By LILY TINOCO | Reporter
Saturday, March 13, marked one full year since Los Angeles Unified School District campuses closed in response to the emergence of COVID-19.
Now school district officials are looking at a mid-April target date to reopen schools.
LAUSD Superintendent Austin Beutner announced that LA Unified has reached an agreement with its labor partners on plans to reopen schools in his weekly broadcast on Monday, March 15.
“These agreements provide for a hybrid model at all grade levels, combining in-person and online instruction with students remaining in small, stable cohorts while at school to help prevent the spread of the virus,” he said.
The target for reopening schools mid-April includes preschool and elementary students. Middle and high school students would begin to return at the end of April.
Beutner said families were provided a guide with detailed information on the health and safety preparations at schools, COVID testing for students and staff, safety protocols, and instructional schedules. Families are expected to let the district know whether their child will return to campus or complete the semester online.
“This approach reinforces my commitment to reopen schools with the highest standard of COVID safety, continued reduction of the virus in the communities we serve and access to vaccinations for school staff,” he said.
LAUSD District 4 Representative Nick Melvoin said it’s past time the district provides the opportunity for students to return to campus during a recent Pacific Palisades Community Council meeting on Thursday, March 11.
“We’ve been talking about safety measures and risks with reopening, but we also need to keep in mind the risk of not reopening and the harm that this has done to children for being out of school for a year,” Melvoin said.
Melvoin mentioned the district news applies to Palisades schools, including Marquez, Palisades and Canyon charter elementary schools, as well as Paul Revere Charter Middle School—but not Palisades Charter High School, as it is an independent charter school.
Principal Dr. Pamela Magee told the Palisadian-Post the school was meeting with UTLA-PCHS representatives on an ongoing basis to configure an agreement with teachers for a safe return to campus when conditions allow. A presentation was slated for the Tuesday, March 16, Board of Trustees meeting to update the school community.
Magee added that a survey was sent out to parents, teachers and students to determine their views on the school reopening.
“This feedback will play an important part in determining on-campus options for the remainder of the spring semester,” she said.
Melvoin said the planning process for LAUSD’s middle and high school students has been difficult because the basis of a safe school reopening is stable cohorts. Upper grade level students typically have six or seven different classes, and encounter hundreds of different kids each day.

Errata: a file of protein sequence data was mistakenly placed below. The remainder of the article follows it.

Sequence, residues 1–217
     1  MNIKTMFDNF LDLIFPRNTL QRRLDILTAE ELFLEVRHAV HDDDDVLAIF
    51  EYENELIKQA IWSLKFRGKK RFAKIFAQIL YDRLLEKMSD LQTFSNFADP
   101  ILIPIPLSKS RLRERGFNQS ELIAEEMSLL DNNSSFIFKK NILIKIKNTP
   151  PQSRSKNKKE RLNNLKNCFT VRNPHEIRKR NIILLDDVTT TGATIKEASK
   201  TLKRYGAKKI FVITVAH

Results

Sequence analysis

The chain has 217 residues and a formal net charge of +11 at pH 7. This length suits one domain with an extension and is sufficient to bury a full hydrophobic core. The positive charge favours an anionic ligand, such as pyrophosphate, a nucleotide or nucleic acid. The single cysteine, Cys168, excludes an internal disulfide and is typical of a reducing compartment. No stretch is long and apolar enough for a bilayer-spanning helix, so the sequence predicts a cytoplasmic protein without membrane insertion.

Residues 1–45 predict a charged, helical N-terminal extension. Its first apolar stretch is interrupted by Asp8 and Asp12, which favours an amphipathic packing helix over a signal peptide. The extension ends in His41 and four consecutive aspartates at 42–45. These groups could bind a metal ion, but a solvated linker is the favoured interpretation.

He said middle and high school students will be able to visit campus for advisory, mental health check-ins, college and career advising, but their core classes will remain virtual.
“I’m gratified that by the end of the school year, kids will have the opportunity to be back on campus where they belong,” Melvoin concluded.
Los Angeles County moved into the red tier, effective Monday, March 15, Public Health reported, which meant that additional reopenings were permitted with required safety protocols for masking, distancing and infection control.
Movie theaters are now able to open at 25% capacity, as well as gyms, fitness centers, yoga and dance studios at 10% capacity. Restaurants can open for indoor dining at 25% max capacity with eight feet of distance between tables, a limit of one household up to six people at a table and maximum ventilation.
Private gatherings are now permitted indoors with up to three households, with masking and distancing required.
“People who are fully vaccinated can gather in small numbers indoors with other people who are fully vaccinated without required masking and distancing,” according to Public Health.
The number of confirmed cases of COVID-19 in Los Angeles County when factoring in Long Beach and Pasadena had reached 1,210,905 with 22,519 deaths as the Post went to print Tuesday.
There have been 784 confirmed cases in Pacific Palisades, with an additional 143 in Palisades Highlands.
As the Post went to print Tuesday, Public Health reported 37.4% of Pacific Palisades had received at least one dose of COVID-19 vaccine, with Palisades Highlands at 38.3%.
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